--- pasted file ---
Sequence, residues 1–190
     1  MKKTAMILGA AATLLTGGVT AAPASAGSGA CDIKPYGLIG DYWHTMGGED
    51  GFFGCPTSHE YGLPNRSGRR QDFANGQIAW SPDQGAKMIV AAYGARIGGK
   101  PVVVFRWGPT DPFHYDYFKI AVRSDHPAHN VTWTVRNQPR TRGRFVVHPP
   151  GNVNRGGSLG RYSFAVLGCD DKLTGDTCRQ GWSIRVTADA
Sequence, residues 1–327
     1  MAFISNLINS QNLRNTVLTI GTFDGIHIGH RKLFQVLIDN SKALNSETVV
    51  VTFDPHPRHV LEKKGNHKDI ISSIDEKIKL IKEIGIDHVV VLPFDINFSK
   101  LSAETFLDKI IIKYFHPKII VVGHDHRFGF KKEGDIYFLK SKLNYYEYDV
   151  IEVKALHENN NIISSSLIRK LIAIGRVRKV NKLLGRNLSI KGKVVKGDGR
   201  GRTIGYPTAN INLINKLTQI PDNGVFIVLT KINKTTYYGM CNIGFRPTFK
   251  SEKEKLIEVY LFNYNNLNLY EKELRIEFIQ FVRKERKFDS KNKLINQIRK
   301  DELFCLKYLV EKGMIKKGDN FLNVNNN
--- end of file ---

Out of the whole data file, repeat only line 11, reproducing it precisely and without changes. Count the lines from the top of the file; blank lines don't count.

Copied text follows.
   201  GRTIGYPTAN INLINKLTQI PDNGVFIVLT KINKTTYYGM CNIGFRPTFK